BJ Nilsen The Invisible City

[Touch ; 2010]

Styles: electronica, ambient, drone
Others: Machinefabriek, Lawrence English, Fennesz

Swedish musician BJ Nilsen has a well-deserved reputation as one of the preeminent sound artists operating today. His standard procedure consists of electronically-treating field recordings — often of animals and natural environments — and combining them with traditional instruments that are usually rendered unrecognizable. You’re never sure what exactly you’re hearing when listening to a Nilsen album. While knowing his methods is in no way a prerequisite to enjoying his music, you’ll probably hear his albums differently once you know how they’re constructed.

The Invisible City consists of eight soundscapes that hover somewhere between the relative clean sounds of Oren Ambarchi and the noisier sides of Pita or Fennesz. The typical track has a solid, rarely wavering drone as its base, with sounds layered on as the piece progresses. At times, it sounds like Nilsen is improvising in real time on top of carefully constructed tracks, as sounds weave in and out of the mix. This approach works best in longer durations: while some of the shorter tracks are cut off before they truly get interesting, there are three 10-minute-plus tracks here that take full advantage of the length.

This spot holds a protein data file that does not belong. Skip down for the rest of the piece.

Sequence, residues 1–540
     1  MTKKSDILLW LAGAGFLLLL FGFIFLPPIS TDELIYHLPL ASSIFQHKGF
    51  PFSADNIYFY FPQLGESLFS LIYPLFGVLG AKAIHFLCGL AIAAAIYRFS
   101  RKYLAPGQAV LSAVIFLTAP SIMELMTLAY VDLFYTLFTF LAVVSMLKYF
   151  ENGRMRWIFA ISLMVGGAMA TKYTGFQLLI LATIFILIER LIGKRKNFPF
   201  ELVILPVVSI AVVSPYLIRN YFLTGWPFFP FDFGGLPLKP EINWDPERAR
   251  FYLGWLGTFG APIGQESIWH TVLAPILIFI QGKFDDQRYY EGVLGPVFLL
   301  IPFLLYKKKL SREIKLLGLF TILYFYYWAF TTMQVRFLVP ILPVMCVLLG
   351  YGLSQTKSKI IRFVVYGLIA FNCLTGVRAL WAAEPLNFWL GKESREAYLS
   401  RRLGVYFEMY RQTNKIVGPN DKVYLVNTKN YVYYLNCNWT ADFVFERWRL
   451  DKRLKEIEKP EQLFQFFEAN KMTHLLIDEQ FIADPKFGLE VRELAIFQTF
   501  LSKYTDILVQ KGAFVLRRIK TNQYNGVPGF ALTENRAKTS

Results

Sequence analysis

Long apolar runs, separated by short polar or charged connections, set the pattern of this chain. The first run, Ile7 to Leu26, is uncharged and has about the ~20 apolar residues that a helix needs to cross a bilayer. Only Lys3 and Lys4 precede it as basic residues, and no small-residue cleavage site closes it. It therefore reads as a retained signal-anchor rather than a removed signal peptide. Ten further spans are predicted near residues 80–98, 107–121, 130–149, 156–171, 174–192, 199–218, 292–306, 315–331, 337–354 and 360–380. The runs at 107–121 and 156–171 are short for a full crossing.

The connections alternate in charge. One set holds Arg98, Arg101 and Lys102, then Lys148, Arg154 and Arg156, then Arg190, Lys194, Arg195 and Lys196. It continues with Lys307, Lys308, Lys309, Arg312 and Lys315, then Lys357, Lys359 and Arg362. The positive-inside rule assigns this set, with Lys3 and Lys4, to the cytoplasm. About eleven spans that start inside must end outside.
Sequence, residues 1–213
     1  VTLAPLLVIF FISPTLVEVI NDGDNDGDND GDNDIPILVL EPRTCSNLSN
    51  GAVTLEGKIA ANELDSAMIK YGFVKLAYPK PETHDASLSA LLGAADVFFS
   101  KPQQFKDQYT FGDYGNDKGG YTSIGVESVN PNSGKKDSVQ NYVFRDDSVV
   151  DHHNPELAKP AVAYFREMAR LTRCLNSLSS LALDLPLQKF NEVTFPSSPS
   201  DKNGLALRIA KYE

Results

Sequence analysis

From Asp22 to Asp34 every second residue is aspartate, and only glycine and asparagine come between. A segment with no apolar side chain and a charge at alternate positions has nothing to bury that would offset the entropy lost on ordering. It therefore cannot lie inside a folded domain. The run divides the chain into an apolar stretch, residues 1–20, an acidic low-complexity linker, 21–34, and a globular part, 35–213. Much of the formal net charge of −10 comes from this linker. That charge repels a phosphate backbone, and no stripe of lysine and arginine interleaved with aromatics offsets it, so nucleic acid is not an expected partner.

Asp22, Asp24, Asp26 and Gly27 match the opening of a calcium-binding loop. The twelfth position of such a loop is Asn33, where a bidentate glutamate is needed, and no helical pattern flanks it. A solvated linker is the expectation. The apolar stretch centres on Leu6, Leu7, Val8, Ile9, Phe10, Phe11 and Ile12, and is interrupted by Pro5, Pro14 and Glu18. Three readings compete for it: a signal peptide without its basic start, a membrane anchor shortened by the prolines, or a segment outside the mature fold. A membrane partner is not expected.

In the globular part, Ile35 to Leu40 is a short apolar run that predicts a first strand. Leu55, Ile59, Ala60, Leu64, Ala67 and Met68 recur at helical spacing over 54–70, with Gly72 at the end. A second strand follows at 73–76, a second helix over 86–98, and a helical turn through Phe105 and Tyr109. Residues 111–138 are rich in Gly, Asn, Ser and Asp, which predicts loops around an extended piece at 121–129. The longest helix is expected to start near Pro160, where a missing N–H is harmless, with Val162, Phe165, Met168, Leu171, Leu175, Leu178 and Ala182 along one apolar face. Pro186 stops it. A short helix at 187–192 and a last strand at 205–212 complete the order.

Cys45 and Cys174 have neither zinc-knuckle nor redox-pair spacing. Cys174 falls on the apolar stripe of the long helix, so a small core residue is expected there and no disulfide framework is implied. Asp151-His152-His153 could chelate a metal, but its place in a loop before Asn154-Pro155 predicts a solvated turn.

It all makes for an intense listen that draws you in, but the pieces take on yet another dimension when you read the liner notes. In addition to stringed instruments like guitars and violas, Nilsen uses a heap of electronic equipment of apparently vintage or analogue make. He also lists something called a “virtual Hammond organ,” which sounds remarkably similar to a real one but with a slightly queasy sheen to it. Then, of course, there are the field recordings he’s most known for, including everything from bumblebees buzzing around and cats walking across a floor to footsteps on snow and an amplified chair dragged across the floor.

Despite all the differing sounds, the album retains a consistent tone throughout, yet this also works against it. At over an hour, more variety would have been welcome; it’s easy for The Invisible City to slip into the background, warm and dozy, until a loud tonal burst comes along to shake you up. And while it’s surprisingly uncluttered given the amount of components listed for each track, you’ll have to strain hard to discern any of it from the austere mix. It’s an album that clearly needs attentive ears, but if you’re listening without knowing of the ‘instrumentation’ or Nielsen’s m.o., you’d never guess what lay hidden in these tracks — and even if you know what’s there, I’m pretty sure you’ll be hard pressed to isolate the sound of “dead trees leaning against each other.”

Links: BJ Nilsen - Touch

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